Tag Archives: nutanix

Upgrading CVM Foundation via API

Unconfigured Nodes can easily be upgraded

Following on from the Foundation Central introduction, the nodes should be running Foundation 4.5.1+ as minimum. There could be a scenario where the Foundation version in the CVM is older, given that the factories ship software that may be a few months behind the latest versions.

How can you get Foundation on the nodes up to a newer version before imaging?

Fortunately, upgrading is easy via the API which can be accessed via the CLI or a browser and I’ll cover both methods below.

Part 1: The CVMs have Internet access

CLI Method with Internet Access

If the CVMs have internet access the latest available update on the Nutanix Portal will be auto installed when the API is called. Here we are starting with a node with Foundation 4.4.3 installed and we want to update it to the latest available (4.5.3 at the time of writing).

To determine the current version on the node:

nutanix@NTNX-B-CVM:~$ cat foundation/foundation_version
Foundation-4.4.3-abc86afd

Or use the API to get the current version:

nutanix@NTNX-B-CVM:~$  curl -X GET --header "Accept: application/json" "http://172.16.9.57:8000/foundation/version" ; echo ""
4.4.3

Execute the API call to upgrade Foundation:

nutanix@NTNX-B-CVM:~$ curl -X GET --header "Accept: application/json" "http://172.16.9.57:8000/foundation/auto_update_foundation"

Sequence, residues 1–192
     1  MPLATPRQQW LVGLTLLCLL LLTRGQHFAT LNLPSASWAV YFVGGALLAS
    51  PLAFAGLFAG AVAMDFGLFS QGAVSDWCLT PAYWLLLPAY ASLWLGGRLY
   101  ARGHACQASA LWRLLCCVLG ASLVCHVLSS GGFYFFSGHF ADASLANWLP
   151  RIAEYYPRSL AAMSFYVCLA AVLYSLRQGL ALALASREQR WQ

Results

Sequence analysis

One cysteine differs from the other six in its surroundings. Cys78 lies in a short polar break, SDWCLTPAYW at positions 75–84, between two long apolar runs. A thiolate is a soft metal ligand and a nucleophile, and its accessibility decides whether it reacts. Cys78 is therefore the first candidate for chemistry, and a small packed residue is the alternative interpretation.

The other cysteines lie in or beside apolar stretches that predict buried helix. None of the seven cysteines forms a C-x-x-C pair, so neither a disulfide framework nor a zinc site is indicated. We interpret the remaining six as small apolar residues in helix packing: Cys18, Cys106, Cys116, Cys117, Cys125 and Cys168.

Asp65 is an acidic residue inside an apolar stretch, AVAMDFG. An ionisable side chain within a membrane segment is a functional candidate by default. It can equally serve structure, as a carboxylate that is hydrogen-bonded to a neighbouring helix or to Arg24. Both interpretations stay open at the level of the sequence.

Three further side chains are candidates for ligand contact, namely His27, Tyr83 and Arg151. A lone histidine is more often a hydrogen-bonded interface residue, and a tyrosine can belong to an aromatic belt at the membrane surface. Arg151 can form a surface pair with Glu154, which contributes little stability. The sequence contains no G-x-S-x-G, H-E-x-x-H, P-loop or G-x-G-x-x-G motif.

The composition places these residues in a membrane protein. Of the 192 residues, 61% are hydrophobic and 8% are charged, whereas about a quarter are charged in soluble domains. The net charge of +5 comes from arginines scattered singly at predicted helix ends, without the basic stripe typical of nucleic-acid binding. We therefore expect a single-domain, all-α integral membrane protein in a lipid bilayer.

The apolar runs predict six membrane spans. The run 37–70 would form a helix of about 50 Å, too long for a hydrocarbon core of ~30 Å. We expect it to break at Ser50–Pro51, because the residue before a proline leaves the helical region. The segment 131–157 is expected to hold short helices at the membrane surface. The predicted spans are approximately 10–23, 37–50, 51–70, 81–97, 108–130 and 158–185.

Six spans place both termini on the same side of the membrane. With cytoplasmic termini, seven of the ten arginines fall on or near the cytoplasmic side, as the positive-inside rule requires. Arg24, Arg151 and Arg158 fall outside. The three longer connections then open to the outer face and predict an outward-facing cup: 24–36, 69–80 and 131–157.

That’s all there is to it. Now just wait ~2 to 15 minutes depending on your connection speed to the Nutanix Portal for the binary (~1.6GB) to download and install, then verify:

nutanix@NTNX-B-CVM:~$cat foundation/foundation_version
foundation-4.5.3-815d6c96

Done!

GUI Method with Internet Access  

  1. Navigate to a CVM via http://your-cvm-ip:8000/docs
    If a node (unconfigured) has DHCP and has registered with Foundation Central you can determine the IP address of the CVMs from the Foundation Central home page
  2. You can check if an Foundation update for the CVM is available using this API :  /is_update_available
    Find that on the API Explorer page, expand it and click “Try it out!” button
  3. Verify you get Response Code 200 after being patient (~10 to 30 seconds)
  4. If a Foundation upgrade is available, you can now upgrade. Upgrade the CVMs Foundation to the latest version using this API :  /auto_update_foundation and again expand it and click “Try it out!” 

Same as before it can take several minutes depending on your connection to the Nutanix Portal. Verify you get a Response Code 200.

If the CVMs have internet access, you don’t need to provide any parameters to these APIs, all you have to do is to hit “Try it out!” on that screen. Find the /version API on the Explorer page after the upgrade to verify the latest version is now on the node. 

Done!

Part 2: If the CVMs have no direct Internet access

If the nodes cannot contact the Nutanix Portal directly, you will need the foundation upgrade binary from the Nutanix Portal and apply the update manually.

For example, upgrading from v4.4.3 to v4.5.3 using a manual file:   

  1. Get the “Foundation Upgrade for CVM or Standalone Foundation VM” file from the Nutanix Portal (eg. foundation-4.5.3.tar.gz
  2. Create a directory on the CVM you want to be upgraded : /home/nutanix/foundation_updates
  3. Copy the foundation-<version>.tar.gz file to this location

CLI method via manual update file